Editor’s note: This story is part of a series of feature stories that highlight diversity on Florida Poly’s campus and celebrate Black History Month.
When senior Charisma Clarke transferred to Florida Polytechnic University after studying in his native Bahamas for two years, he was excited to join a student organization that supported him and offered him a stronger sense of belonging.
“When I realized there was an NSBE (National Society of Black Engineers) chapter at Florida Poly it was easy to get quickly plugged in and meet people who looked like me,” said Clarke, now vice president of the chapter at the University. “I knew Florida Poly was predominantly white, but I knew people here would be able to support me.”
Clarke has enjoyed providing that same support to other Black students in return in his capacity as a leader of the organization.
“I’m a senior in mechanical engineering, so if freshmen or sophomores are having difficulties in lower-level classes, we come together and help each other,” Clarke said.
NSBE has a strong presence at Florida Poly, working to provide opportunities and boost the ranks of Black students entering the engineering profession.
“Our mission is to increase the number of Black engineers who excel academically and professionally and to positively impact the community,” said Marckenrold Cadet, president of NSBE at Florida Poly. “As leaders of NSBE, our goal is to get the Black community on campus engaged and continue pursuing its mission.”
Traditionally, NSBE hosts events throughout the year, such as regular in-person meetings, social events, study groups, speaker sessions, and educational workshops at public schools. Members also have opportunities to network with engineering professionals and attend conferences throughout the country.
Although COVID-19 safety precautions have paused most of these outreach efforts this academic year, Cadet said NSBE continues supporting and connecting with students at Florida Poly. During the Fall 2020 semester, these efforts included an international student seminar, NSBE movie night, and a professional workshop.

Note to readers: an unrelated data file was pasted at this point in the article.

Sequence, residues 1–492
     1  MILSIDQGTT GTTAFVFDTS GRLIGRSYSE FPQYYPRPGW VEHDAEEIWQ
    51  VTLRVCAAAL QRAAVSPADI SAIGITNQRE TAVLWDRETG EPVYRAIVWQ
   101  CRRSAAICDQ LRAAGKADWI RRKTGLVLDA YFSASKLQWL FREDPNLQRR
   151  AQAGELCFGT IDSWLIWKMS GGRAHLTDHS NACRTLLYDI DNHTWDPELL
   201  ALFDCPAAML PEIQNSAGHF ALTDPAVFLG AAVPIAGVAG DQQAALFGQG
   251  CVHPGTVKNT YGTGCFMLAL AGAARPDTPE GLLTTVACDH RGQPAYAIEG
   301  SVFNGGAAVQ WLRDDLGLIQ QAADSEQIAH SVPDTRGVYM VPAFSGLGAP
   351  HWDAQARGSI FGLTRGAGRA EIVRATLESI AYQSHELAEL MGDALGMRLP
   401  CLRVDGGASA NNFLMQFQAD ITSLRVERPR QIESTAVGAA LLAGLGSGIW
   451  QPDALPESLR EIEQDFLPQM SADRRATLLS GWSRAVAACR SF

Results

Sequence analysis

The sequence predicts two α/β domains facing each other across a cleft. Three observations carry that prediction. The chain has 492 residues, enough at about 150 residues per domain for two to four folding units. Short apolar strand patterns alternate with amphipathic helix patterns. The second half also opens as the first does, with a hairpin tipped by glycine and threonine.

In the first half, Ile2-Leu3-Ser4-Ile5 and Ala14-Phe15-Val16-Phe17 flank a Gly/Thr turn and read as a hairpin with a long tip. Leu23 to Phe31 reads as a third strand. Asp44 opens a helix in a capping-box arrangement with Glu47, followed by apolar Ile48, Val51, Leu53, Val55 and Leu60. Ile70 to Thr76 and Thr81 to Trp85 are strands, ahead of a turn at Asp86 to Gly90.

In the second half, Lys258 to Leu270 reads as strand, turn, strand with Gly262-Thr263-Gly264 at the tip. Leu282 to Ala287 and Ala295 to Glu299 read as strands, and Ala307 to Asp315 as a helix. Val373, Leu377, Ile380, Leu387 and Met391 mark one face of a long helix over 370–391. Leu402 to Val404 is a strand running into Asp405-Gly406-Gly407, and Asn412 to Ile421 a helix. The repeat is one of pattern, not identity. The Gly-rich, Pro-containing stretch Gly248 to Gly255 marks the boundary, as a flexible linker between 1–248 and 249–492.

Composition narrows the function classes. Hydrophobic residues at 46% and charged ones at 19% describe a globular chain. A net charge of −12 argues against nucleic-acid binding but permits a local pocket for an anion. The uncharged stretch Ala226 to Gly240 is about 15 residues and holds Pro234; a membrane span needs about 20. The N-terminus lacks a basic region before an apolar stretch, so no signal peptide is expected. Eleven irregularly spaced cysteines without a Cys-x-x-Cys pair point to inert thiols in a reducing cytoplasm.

“One of the strategies we have been using is when current members see new faces on campus, we introduce them to NSBE and tell them we have a Black club on campus that focuses on engineers, as well as the benefit they get for being in the club,” said Cadet, a business analytics major from Haiti.
While the group’s priority is the Black community, they said everyone is welcome.
“A lot of the benefits of being part of the club are not limited by race,” Clarke said. “I’ve been able to meet a lot of great people from diverse backgrounds and been exposed to great opportunities.”
Clarke added that the opportunities he’s had, like traveling to an NSBE national conference in Pittsburgh, Pennsylvania, and having better access to job and internship openings, have helped him be more prepared to successfully enter the engineering profession. It is a great benefit both he and Cadet said they enjoy sharing with others.
“We are a community, and we like to help each other,” Cadet said. “If you’re looking for internships, scholarships, study groups or anything that is visible for us to help you out, we will do so.
“There is no limit to what we are willing to do to help.”
To learn more about NSBE or get involved, visit the club’s page on Phoenix Link.
Director of Communications